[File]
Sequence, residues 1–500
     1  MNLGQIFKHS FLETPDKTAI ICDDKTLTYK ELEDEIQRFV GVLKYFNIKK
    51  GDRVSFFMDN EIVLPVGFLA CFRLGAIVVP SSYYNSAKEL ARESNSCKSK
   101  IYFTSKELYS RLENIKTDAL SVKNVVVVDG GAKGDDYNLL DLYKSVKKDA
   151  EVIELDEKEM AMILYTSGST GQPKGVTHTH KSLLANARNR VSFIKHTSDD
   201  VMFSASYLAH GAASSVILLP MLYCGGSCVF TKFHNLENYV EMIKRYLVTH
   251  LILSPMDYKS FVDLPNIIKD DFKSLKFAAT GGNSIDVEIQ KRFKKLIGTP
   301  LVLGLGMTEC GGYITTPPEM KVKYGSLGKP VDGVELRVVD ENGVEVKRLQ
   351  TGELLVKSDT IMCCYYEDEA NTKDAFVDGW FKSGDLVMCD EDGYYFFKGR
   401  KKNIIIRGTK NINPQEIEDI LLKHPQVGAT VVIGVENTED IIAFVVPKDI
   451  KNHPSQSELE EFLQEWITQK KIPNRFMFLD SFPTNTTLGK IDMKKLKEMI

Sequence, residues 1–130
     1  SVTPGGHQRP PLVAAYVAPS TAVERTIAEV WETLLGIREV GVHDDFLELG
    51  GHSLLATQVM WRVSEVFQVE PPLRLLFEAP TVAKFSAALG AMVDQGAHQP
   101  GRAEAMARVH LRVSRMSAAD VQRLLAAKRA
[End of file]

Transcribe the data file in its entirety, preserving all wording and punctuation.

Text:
Sequence, residues 1–500
     1  MNLGQIFKHS FLETPDKTAI ICDDKTLTYK ELEDEIQRFV GVLKYFNIKK
    51  GDRVSFFMDN EIVLPVGFLA CFRLGAIVVP SSYYNSAKEL ARESNSCKSK
   101  IYFTSKELYS RLENIKTDAL SVKNVVVVDG GAKGDDYNLL DLYKSVKKDA
   151  EVIELDEKEM AMILYTSGST GQPKGVTHTH KSLLANARNR VSFIKHTSDD
   201  VMFSASYLAH GAASSVILLP MLYCGGSCVF TKFHNLENYV EMIKRYLVTH
   251  LILSPMDYKS FVDLPNIIKD DFKSLKFAAT GGNSIDVEIQ KRFKKLIGTP
   301  LVLGLGMTEC GGYITTPPEM KVKYGSLGKP VDGVELRVVD ENGVEVKRLQ
   351  TGELLVKSDT IMCCYYEDEA NTKDAFVDGW FKSGDLVMCD EDGYYFFKGR
   401  KKNIIIRGTK NINPQEIEDI LLKHPQVGAT VVIGVENTED IIAFVVPKDI
   451  KNHPSQSELE EFLQEWITQK KIPNRFMFLD SFPTNTTLGK IDMKKLKEMI

Sequence, residues 1–130
     1  SVTPGGHQRP PLVAAYVAPS TAVERTIAEV WETLLGIREV GVHDDFLELG
    51  GHSLLATQVM WRVSEVFQVE PPLRLLFEAP TVAKFSAALG AMVDQGAHQP
   101  GRAEAMARVH LRVSRMSAAD VQRLLAAKRA